On July 20, 2009, Republican gubernatorial nominee Christopher J. "Chris" Christie announced that Guadagno was his choice as running mate, in the first New Jersey election to include voting for a lieutenant governor. Guadagno was said to have been selected over a number of other Republican women, including State Senator Diane Allen and Bergen County Clerk Kathleen Donovan.[11] Guadagno was not a well known political figure statewide in October 2009. According Fairleigh Dickinson University's PublicMind Poll, Guadagno's name recognition in New Jersey was low with only 15% of voters reporting that they were aware of her. Out of the New Jersey voters that knew of Guadagno, 4% reported having a "very favorable" or "somewhat favorable" opinion while 3% reported that they had a "very unfavorable" or "somewhat unfavorable" opinion of the prospective Lieutenant Governor .[12] Christie and Guadagno defeated Jon Corzine and Loretta Weinberg on November 3, 2009.[13]

Christie announced that as lieutenant governor, Guadagno would also serve as New Jersey's Secretary of State, along with overseeing economic development efforts and the streamlining of government regulations. She was sworn in on January 19, 2010 as the first Lieutenant Governor of New Jersey and the 33rd Secretary of State.

Business In New Jersey[edit]

Partnership for Action[edit]

Lieutenant Governor Guadagno oversees the New Jersey Partnership for Action (PFA), the State’s comprehensive economic development strategy. Designed to serve businesses of all sizes and development stages, the PFA provides access to a variety of resources to ensure business success. The four-pronged approach include the Business Action Center, which reports directly to the Lt. Governor and provides the business community with a single point of contact; the New Jersey Economic Development Authority, serving as the state’s “bank for business;” Choose New Jersey, and independently funded and operated 501(c)(3)not-for-profit corporation created to encourage and nurture economic growth throughout New Jersey; and the Office of the Secretary of Higher Education, which coordinates, plans, develops policies, and advocates for the state's higher education system. Through the PFA, New Jersey was able to attract and retain hundreds of companies such as Church & Dwight, Burlington Coat Factory, and Ferring Pharmaceuticals.[14] The Partnership for Action serves as the starting point for all initiatives, policies and efforts related to growing New Jersey's economy and creating quality, sustainable jobs.

In 2012, the Partnership for Action received an award for "Achievement in Reorganization of Economic Development" from Business Facilities Magazine. In 2013, the Partnership received the “Achievement in Business Retention”award from the magazine, in recognition of its highly effective business retention program.[15]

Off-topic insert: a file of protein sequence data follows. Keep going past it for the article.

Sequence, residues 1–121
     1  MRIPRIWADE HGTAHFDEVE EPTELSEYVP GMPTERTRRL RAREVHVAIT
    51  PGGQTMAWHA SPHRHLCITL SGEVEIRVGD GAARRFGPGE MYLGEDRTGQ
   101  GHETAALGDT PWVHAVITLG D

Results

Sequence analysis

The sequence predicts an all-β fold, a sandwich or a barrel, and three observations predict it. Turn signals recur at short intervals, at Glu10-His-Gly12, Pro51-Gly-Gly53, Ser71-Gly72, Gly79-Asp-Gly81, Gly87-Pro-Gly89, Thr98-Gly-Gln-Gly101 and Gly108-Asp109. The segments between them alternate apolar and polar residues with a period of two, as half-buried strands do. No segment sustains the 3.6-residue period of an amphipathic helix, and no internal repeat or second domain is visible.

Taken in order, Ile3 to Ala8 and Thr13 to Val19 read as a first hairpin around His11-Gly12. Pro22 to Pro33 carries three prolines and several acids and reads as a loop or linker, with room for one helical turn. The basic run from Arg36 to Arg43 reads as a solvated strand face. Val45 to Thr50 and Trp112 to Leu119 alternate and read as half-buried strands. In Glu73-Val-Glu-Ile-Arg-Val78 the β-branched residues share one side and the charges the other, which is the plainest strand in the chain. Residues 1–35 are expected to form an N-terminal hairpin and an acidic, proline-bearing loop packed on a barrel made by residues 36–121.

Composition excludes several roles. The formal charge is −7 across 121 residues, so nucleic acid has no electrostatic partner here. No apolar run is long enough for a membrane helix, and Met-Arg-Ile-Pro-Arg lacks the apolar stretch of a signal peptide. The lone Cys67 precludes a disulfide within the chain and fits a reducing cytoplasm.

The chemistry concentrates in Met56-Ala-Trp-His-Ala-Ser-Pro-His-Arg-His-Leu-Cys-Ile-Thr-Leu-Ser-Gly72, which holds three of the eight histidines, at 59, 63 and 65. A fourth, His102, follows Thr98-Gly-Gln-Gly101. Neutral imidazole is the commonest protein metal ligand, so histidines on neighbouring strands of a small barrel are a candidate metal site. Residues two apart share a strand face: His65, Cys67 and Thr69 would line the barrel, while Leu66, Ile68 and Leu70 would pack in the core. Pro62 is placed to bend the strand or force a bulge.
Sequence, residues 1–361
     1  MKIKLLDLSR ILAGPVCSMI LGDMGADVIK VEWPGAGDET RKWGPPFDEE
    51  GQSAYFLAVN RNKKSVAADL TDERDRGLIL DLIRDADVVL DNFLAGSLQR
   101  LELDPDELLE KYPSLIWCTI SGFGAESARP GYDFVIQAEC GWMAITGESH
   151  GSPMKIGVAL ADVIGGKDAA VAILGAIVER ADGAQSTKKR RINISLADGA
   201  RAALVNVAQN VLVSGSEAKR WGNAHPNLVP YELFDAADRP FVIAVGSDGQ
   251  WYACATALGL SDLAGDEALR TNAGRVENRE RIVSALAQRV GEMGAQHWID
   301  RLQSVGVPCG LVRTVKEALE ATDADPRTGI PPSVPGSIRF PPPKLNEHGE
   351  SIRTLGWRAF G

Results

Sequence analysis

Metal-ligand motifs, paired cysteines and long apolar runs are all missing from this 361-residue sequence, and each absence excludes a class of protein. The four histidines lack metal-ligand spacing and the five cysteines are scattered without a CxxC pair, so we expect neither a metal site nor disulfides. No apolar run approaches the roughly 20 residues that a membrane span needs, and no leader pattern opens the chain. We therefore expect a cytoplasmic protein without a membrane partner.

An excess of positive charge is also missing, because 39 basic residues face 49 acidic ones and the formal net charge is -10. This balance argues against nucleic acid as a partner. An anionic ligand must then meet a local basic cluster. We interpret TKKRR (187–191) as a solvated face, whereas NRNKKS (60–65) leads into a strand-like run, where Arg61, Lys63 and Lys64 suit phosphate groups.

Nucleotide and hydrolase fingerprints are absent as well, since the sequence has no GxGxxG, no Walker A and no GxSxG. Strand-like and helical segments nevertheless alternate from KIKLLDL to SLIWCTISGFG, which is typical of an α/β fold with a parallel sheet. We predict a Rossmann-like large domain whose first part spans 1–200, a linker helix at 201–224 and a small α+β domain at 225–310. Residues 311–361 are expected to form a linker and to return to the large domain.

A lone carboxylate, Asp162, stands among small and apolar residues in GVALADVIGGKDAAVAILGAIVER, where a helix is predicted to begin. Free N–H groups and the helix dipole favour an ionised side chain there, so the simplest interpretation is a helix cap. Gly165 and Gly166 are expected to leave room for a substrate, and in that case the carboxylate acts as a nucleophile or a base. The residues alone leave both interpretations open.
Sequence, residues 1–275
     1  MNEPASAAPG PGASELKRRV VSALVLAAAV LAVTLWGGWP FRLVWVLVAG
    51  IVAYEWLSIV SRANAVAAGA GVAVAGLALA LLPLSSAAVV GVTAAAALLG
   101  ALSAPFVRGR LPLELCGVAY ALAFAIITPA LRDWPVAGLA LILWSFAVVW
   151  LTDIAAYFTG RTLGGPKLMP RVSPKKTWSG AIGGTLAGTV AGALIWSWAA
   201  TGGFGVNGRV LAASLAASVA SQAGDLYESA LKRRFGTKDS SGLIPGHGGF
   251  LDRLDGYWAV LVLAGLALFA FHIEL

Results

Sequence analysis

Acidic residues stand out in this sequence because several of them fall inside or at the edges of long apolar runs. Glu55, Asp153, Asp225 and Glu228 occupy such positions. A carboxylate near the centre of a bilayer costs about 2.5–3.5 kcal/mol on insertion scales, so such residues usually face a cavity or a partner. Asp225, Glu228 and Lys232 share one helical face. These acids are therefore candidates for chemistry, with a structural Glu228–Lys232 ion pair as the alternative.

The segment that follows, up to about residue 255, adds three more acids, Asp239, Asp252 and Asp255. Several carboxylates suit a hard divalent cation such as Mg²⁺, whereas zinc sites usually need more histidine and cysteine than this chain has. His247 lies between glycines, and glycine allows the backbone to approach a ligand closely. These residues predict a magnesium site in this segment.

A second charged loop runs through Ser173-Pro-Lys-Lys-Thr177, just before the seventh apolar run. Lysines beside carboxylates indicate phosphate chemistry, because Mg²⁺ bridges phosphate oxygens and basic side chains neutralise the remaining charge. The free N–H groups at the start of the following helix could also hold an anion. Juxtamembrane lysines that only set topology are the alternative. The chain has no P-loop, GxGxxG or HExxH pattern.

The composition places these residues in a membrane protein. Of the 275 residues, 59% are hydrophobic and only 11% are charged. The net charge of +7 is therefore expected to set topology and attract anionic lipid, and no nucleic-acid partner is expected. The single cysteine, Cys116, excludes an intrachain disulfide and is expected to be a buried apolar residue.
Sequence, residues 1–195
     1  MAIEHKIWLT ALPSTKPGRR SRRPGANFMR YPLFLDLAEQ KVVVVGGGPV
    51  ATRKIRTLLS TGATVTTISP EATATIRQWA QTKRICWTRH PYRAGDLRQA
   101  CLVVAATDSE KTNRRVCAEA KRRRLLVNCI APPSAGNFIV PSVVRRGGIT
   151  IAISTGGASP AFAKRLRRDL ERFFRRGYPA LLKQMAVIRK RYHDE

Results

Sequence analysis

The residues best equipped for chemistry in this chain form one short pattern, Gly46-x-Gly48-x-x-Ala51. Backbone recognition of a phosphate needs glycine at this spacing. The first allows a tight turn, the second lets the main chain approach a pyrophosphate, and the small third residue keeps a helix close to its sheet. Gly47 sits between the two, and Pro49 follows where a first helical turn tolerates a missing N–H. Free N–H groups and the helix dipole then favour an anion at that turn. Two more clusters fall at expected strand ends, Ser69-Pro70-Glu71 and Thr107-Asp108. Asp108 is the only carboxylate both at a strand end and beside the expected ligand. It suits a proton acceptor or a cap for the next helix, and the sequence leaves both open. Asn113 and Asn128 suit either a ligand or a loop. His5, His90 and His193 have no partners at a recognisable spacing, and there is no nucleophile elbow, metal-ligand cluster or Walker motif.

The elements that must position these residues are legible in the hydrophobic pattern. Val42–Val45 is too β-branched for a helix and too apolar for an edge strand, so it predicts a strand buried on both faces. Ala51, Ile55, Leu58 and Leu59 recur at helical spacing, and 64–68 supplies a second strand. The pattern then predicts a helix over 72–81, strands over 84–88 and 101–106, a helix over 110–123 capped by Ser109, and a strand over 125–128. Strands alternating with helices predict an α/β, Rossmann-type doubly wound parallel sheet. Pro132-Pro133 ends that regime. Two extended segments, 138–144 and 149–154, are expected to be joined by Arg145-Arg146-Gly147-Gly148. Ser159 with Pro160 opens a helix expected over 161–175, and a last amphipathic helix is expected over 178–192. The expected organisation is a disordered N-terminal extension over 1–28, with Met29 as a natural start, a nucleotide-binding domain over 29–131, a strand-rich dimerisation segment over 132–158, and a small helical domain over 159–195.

In 2014, The State of New Jersey received multiple awards directly because of the work completed by the Partnership for Action. The Partnership accepted an ”Excellence in Economic Development” award, given by the Site Selectors Guild, a professional association of the world’s most respected site selection consultants. The award recognized communities and individuals for outstanding performance and professionalism in economic development and is only given to four organizations nationwide.[16] Additionally, the state’s enhanced Grow New Jersey Assistance Program (GrowNJ) was named one of the recipients of Business Facilities’ Economic Development 2014 Awards for “Achievement in Targeted Incentives” which marked the second straight year the state was recognized by Business Facilities for its economic development efforts. Business Facilities is one of the premier site-selection publications in the nation.[17]

Business Action Center[edit]

The Lt. Governor leads the Business Action Center, which, as part of the PFA, is responsible for helping grow, retain and attract businesses to the State. The Lt. Governor and her team have worked to encourage entrepreneurship, support global competitiveness of New Jersey Companies, and promote the State as a business investment location nationally and internationally.[18]

Since 2010, Lt. Governor Guadagno has provided a personal approach to business retention and expansion through multiple “Business Tours”. To begin what has since provided the State of New Jersey with a greater appreciation for the challenges New Jersey businesses face on a day-to-day basis and the potential solutions for those challenges, the Lt. Governor conducted a “100 Business Tour” in which she visited the businesses reflecting the varied industries New Jersey serves. From that tour came important changes to help improve New Jersey’s business climate including the Single Sales Factor for Corporation Business Tax Income, in which companies may reduce their tax burden; the Alternative Business Calculation Under the Gross Income Tax, through which the Administration eliminated the limit on the application of the corporation business tax research expense credit; and the Minimum Corporation Business Tax,which is a business friendly tax-initiative signed into law that decreased the minimum corporation business tax on New Jersey subchapter S corporations by 25%.[19]